Friday, January 27, 2012

Sailing upwind

It’s said that gentlemen don’t sail upwind. I’m no gentleman.

We raised anchor at Anclote Key and beat our way to the start of the ICW channel. Never being one to color within the lines, I left the channel behind and went to the open Gulf. Seas were 2 - 4 feet and wind from the south, but there was wind. We beat our way in the open Gulf most of the day.

I was having a blast, sailing along further and further from land. My wife brought me back to earth by pointing out I was sailing past our channel. Hurricane Pass is hard to spot from the Gulf side. That’s where even my simple GPS came in handy. Good thing my lovely wife pays attention to such things.

We negotiated the shallow pass between Honeymoon and Caledesi Islands. Then I had to motor up wind through a shallow bay towards Caledesi State Park. I totally missed the narrow channel into the park. There’s a large area heavily posted with “no internal combustion engines” signs. I stayed too far away from that area to see the tiny gap into the park. The park isn’t visible from the bay as it sits among mangroves.

Once again, my lovely wife discovered my error with the chart and GPS. By hugging the “no engine” area we eventually found the narrow channel to the park and got there just before sunset.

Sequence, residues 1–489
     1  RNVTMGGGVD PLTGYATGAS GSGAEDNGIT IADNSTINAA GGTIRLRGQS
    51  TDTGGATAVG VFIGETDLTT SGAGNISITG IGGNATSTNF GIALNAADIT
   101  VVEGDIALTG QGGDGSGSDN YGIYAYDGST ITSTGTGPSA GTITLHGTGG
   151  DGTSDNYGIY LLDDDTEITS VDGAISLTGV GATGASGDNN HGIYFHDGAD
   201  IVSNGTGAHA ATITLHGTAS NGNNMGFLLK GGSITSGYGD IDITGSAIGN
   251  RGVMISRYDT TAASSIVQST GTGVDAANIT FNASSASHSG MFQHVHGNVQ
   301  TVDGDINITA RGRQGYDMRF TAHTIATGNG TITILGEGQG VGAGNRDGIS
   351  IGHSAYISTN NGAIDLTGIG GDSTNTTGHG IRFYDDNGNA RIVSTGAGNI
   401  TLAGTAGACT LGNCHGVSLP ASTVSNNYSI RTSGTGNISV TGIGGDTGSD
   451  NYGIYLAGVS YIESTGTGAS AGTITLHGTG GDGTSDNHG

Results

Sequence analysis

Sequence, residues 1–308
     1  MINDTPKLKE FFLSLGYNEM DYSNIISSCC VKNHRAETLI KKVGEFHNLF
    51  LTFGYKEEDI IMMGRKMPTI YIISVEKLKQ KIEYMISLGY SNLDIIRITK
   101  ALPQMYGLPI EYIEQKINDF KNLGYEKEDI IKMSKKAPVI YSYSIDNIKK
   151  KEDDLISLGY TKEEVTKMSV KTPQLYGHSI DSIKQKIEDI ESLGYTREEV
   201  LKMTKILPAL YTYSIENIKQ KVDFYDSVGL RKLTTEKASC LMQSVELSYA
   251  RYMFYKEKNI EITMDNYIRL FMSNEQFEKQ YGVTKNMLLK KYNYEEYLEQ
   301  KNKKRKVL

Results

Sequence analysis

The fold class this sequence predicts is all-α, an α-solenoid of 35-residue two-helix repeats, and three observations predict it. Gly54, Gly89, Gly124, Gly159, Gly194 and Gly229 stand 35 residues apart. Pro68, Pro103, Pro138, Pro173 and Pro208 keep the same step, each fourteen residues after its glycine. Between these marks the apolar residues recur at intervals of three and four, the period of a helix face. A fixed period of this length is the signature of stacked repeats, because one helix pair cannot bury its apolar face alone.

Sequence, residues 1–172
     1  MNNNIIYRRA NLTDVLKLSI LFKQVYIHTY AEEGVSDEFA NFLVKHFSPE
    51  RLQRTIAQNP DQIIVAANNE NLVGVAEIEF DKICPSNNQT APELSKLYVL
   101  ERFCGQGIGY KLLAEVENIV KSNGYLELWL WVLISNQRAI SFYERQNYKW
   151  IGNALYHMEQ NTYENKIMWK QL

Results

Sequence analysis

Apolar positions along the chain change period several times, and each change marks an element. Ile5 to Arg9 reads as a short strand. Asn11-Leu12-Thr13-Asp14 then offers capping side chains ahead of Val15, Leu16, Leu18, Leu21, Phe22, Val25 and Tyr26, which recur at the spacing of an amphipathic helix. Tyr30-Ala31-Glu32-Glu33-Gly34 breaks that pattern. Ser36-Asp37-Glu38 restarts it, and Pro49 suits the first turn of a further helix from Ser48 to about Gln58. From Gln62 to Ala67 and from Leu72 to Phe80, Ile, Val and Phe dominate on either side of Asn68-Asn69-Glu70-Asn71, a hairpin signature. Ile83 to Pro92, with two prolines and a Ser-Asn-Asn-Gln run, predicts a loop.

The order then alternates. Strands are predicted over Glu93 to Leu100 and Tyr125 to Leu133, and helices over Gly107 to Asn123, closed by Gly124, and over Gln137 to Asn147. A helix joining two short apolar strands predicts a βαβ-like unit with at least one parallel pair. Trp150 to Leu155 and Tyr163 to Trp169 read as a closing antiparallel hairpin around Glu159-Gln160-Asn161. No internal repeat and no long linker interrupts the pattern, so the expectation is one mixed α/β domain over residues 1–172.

Caledesi has a beautiful little marina with good floating docks equipped with power and water. We missed the regular staff to sign in, but the volunteer said it wasn’t a problem. They’d get to me in the morning.

The park volunteer was a robust man in his 80s. Chatting with him I learned that he’s from about 40 miles away from my home. His wife comes from 20 miles away. We knew a lot of the same people. Friends of mine have a camp on the same small lake in VT that he has a summer place on. Small world.

The volunteer gig is a pretty good one. I don’t know the details, but this guy’s been doing it for ten years. There’s some light duties that need to be done, but he can keep his boat at the docks. It’s a beautiful place to spend the winter. The island feels like a remote wild area, but civilization is a short trip across the bay. He says he’s so happy on the island that he rarely goes anywhere else.

After a late dinner after sunset, we called it a day and turned in early.



  1. Lot of nice stuff to see around there. I've rented kayaks and little trimarans off the Dunedin causeway there several times (I live in St. Pete)

  2. James: it is a really nice area.

  3. I guess "gentlemen" don't get where they want to go then! Jeez, that's plain goofy. Man, ya shoulda dropped a line behind that shrimper! Probably some kingfish, or maybe blackfin/yellowfin tuna, ling, dorado, wahoo, or who knows what hanging around that boat! Good eats!

  4. Never understood that myself. Just happy to stay out of its way.